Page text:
Before coming to the faculty of Industrial Design, I was just someone interested in technology on a broad level. I had and still have a passion for music and sports. When I came here, I hoped that I could do some projects which involved these passions.
I remember signing up for a USE trajectory in the summer break before my B1 started. I chose the trajectory ‘The Secret Life of Light’, just because I thought lighting was interesting and had been to the annual Glow event in Eindhoven several times. Within the USE trajectory, I gained a lot of knowledge in lighting and its effects. I never really realized that lighting can have so many different impacts on humans, on both psychological and physiological levels.
During the first year of the Bachelor, I learned about the fundamentals of design. This includes all the theory on design processes, research processes and of course soft skills such as working with creative tools. Most of the courses were pretty basic but had enough of a challenge for me. The first real project, Co-Coach, was something I was quite proud of, but I knew there was still a lot of room for improvement.
Looking back at the first year of my Bachelor, I developed the most in the following competencies:
Math, Data and Computing | User and Society | Technology and Realization
In the second year, I wanted to implement all the knowledge gained throughout the first year. However, I still felt that I was missing quite some designing skills. I came to notice that especially skills such as visual design and programming would have been really useful to have. I worked a lot on my visual designing skills, which I am currently still trying to improve on. Courses such as User Centred Design and Aesthetics of Interaction taught me more in-depth theories and skills within design processes. Other courses such as Exploratory Sketching and Making Sense of Sensors taught me basic design and research skills.
During the design project of which Guido is the result, there was a great focus on the user. I loved the fact that I could design for a real client. Together with my group, we had a really user focused approach, and had close contact with our user group. It was an honor to meet a Paralympic gold medal winner and actually design for her. I came to realize how important it is to actually involve the user within design processes. Desktop research can be useful, but I am convinced that going out in the field to see what your user group is facing with is much more valuable. You get social contact, as well as a deeper insight into the needs of your user group. In this way, you can create relevant designs, which is really rewarding for both the user and the designers themselves.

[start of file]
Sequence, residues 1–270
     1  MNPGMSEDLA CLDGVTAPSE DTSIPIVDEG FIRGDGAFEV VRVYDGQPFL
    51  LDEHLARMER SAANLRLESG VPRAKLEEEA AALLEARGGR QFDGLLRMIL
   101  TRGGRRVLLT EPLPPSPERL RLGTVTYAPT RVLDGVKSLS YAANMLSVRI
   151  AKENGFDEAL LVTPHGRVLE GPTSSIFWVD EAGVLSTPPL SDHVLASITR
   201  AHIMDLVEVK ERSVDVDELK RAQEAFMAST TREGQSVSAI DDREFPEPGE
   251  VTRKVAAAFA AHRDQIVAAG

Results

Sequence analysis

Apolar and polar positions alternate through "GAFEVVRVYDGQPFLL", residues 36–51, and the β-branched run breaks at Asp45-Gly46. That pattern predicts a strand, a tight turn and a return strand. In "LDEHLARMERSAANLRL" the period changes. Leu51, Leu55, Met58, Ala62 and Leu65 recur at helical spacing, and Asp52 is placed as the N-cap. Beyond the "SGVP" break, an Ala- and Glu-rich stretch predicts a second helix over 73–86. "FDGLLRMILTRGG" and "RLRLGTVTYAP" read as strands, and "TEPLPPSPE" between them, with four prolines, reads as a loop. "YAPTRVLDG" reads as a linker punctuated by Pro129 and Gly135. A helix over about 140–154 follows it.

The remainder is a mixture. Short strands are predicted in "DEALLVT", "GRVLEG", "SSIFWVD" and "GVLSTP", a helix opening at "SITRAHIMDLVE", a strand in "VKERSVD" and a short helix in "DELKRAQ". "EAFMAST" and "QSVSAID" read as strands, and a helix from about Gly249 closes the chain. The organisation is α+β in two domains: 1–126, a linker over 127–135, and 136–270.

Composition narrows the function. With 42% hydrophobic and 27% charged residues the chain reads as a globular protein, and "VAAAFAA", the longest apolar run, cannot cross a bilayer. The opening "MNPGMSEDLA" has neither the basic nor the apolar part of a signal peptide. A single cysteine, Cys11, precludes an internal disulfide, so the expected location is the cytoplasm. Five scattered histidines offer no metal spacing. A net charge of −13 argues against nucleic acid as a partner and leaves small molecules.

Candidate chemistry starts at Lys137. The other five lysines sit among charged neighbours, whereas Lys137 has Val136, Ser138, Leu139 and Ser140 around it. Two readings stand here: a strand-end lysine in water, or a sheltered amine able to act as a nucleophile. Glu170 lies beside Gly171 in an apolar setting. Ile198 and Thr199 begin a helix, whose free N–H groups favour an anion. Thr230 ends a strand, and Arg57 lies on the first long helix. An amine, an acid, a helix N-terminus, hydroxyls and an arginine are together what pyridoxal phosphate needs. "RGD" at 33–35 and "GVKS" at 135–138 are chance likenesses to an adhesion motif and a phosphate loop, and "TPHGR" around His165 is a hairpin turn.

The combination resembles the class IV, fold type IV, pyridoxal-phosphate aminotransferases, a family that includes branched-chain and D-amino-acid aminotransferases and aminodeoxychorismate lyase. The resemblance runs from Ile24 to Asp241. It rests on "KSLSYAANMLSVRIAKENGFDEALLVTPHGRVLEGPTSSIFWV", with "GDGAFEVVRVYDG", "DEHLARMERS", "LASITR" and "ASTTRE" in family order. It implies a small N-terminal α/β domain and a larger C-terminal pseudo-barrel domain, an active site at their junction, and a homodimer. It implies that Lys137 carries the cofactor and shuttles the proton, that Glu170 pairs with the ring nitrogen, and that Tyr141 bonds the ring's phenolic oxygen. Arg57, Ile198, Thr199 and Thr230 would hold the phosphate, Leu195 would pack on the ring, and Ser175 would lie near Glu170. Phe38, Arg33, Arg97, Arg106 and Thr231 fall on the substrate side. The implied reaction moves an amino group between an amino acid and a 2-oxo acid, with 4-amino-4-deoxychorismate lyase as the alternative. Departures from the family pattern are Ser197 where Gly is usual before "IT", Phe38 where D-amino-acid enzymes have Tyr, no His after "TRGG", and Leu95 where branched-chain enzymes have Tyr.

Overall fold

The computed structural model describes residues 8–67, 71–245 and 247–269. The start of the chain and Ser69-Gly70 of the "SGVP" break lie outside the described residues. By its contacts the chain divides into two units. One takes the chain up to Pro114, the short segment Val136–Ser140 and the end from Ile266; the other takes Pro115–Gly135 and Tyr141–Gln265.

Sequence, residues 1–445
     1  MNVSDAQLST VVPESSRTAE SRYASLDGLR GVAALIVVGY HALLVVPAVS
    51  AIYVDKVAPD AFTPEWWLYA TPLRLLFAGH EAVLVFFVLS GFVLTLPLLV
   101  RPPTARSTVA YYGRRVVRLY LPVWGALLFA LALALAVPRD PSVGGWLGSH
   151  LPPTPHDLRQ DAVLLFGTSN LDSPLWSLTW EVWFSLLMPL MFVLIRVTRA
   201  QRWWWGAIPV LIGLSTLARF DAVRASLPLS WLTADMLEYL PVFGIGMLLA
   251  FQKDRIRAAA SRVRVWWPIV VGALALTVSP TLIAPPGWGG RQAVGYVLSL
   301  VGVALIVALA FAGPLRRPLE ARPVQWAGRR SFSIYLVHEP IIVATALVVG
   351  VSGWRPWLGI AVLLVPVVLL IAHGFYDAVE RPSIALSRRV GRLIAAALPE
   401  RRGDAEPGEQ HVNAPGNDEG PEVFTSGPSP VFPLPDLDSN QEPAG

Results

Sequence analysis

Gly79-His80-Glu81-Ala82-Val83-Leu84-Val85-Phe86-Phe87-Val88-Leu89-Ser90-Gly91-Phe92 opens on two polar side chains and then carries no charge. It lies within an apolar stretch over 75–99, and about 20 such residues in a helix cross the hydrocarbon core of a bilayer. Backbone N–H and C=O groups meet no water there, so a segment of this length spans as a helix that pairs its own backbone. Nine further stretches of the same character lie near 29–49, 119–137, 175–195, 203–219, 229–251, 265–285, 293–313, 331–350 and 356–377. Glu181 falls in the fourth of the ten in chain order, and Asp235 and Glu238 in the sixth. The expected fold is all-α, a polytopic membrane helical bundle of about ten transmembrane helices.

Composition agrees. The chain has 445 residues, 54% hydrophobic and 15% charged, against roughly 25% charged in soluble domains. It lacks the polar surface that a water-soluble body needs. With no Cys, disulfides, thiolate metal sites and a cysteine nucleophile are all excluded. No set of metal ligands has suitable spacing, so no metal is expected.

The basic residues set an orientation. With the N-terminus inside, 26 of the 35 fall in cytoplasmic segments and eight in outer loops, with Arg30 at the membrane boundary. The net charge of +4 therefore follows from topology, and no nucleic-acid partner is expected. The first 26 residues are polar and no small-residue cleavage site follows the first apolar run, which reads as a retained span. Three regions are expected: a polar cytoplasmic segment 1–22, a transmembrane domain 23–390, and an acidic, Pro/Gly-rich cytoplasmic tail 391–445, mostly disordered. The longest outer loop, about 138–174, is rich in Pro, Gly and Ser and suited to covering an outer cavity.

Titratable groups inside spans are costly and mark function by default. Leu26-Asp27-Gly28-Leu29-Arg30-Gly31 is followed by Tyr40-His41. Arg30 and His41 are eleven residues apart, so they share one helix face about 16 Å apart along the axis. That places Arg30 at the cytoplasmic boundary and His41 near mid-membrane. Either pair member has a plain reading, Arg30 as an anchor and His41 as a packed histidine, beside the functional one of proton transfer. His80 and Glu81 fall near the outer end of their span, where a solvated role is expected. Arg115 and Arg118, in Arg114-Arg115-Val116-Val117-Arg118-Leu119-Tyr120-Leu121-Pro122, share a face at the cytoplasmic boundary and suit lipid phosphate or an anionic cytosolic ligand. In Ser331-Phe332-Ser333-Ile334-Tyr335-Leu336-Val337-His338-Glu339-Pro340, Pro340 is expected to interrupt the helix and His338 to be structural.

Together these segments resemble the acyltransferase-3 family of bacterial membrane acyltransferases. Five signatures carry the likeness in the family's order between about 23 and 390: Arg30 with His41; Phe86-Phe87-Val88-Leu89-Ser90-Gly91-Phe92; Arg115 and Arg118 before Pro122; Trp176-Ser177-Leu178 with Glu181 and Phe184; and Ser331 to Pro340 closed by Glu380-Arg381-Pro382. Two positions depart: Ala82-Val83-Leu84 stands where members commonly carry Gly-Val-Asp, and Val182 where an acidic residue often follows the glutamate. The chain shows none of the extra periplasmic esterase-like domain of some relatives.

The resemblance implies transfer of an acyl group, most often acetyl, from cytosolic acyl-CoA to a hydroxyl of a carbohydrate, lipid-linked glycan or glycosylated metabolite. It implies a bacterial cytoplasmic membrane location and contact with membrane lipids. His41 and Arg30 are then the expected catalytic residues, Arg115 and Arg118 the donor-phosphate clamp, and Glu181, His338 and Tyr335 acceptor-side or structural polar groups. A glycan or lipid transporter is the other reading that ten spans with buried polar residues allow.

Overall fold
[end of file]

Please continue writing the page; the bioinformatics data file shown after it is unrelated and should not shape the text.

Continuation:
In my B2.2, I did a research project about the sedentary behavior of office workers. During the research, our group focused on whether or not our social facilitation, MoGo, enhanced office workers’ activeness during lunch breaks. This was an extensive research, which in the end was really valuable in terms of research processes. I really learned about how to set up a study and actually carry it out in a sophisticated manner. Collecting qualitative and quantitative data and analyzing those takes a lot of time. However, when you can draw bold conclusions out of a design you made yourself, it can feel very rewarding. Even though our design did not enhance office workers’ activeness significantly, it is still interesting to discuss why. Moreover, going through such a project taught me about different research methods and how to present all findings in a scientific paper.
Within the second year of the Bachelor Program, I had developed more into the following competencies:
Creativity and Aesthetics | User and Society | Technology and Realization | Math, Data and Computing
Nearing the end of the second year, I still had no clear image of what I would want to do after completing the Bachelor program. I knew that I wanted to do an internship at a company, but I did not receive any responses on my application letters. Then, I was tipped by my project coach to look at the company called Vitaallicht. I instantly wrote an application letter and eventually I got the opportunity to do my internship there.
So, the first semester of my B3 was spent at Vitaallicht. I have been in an exceptionally good spot due to the small size of the company. Here, I was able to develop a lot of skills and do a lot of other tasks that were also relevant for me as a designer. I was able to conduct a market research, learn about engineering processes and manufacturing processes. Also, I developed 3D modelling skills in a very short time frame. I was on top of the design process of new versions of dynamic luminaires.
Moreover, I could use my visual design skills gained throughout all previous projects to help Vitaallicht communicate to its market. The process of rebranding Vitaallicht to Sparckel was a great way to develop in competencies of Creativity & Aesthetics and Business & Entrepreneurship.
Furthermore, I was able to develop on a personal level. I was present at or involved in certain confidential discussions regarding sales, contracts and acquisition. This benefited me on a professional level, because I never before had experience with this. I was given great responsibility in certain processes, which forced me to be even more proactive. I learned for example basic skills on how to call and approach other companies, and how to get what you want from them solely through communication. Working in the different professional environments developed my Business & Entrepreneurship competency.
Overall, I have developed in the following competency areas the most:
Business and Entrepreneurship | Technology and Realization | Creativity and Aesthetics